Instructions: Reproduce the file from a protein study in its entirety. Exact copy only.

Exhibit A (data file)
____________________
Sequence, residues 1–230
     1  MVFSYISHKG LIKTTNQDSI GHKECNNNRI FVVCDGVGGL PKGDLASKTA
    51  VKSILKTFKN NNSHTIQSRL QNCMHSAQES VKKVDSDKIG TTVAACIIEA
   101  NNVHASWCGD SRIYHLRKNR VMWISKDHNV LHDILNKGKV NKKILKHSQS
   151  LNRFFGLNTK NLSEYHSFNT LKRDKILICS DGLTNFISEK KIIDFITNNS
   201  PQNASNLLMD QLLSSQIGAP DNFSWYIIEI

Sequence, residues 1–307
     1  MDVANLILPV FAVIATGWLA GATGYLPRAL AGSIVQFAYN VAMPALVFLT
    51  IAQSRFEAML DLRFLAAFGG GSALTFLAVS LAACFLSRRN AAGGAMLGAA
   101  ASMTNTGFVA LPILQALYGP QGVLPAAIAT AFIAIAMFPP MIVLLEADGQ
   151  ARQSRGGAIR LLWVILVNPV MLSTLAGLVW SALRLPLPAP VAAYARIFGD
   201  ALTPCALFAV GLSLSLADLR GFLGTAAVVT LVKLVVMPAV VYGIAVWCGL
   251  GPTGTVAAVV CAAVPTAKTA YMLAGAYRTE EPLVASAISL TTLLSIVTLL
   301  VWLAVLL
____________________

Sequence, residues 1–230
     1  MVFSYISHKG LIKTTNQDSI GHKECNNNRI FVVCDGVGGL PKGDLASKTA
    51  VKSILKTFKN NNSHTIQSRL QNCMHSAQES VKKVDSDKIG TTVAACIIEA
   101  NNVHASWCGD SRIYHLRKNR VMWISKDHNV LHDILNKGKV NKKILKHSQS
   151  LNRFFGLNTK NLSEYHSFNT LKRDKILICS DGLTNFISEK KIIDFITNNS
   201  PQNASNLLMD QLLSSQIGAP DNFSWYIIEI

Sequence, residues 1–307
     1  MDVANLILPV FAVIATGWLA GATGYLPRAL AGSIVQFAYN VAMPALVFLT
    51  IAQSRFEAML DLRFLAAFGG GSALTFLAVS LAACFLSRRN AAGGAMLGAA
   101  ASMTNTGFVA LPILQALYGP QGVLPAAIAT AFIAIAMFPP MIVLLEADGQ
   151  ARQSRGGAIR LLWVILVNPV MLSTLAGLVW SALRLPLPAP VAAYARIFGD
   201  ALTPCALFAV GLSLSLADLR GFLGTAAVVT LVKLVVMPAV VYGIAVWCGL
   251  GPTGTVAAVV CAAVPTAKTA YMLAGAYRTE EPLVASAISL TTLLSIVTLL
   301  VWLAVLL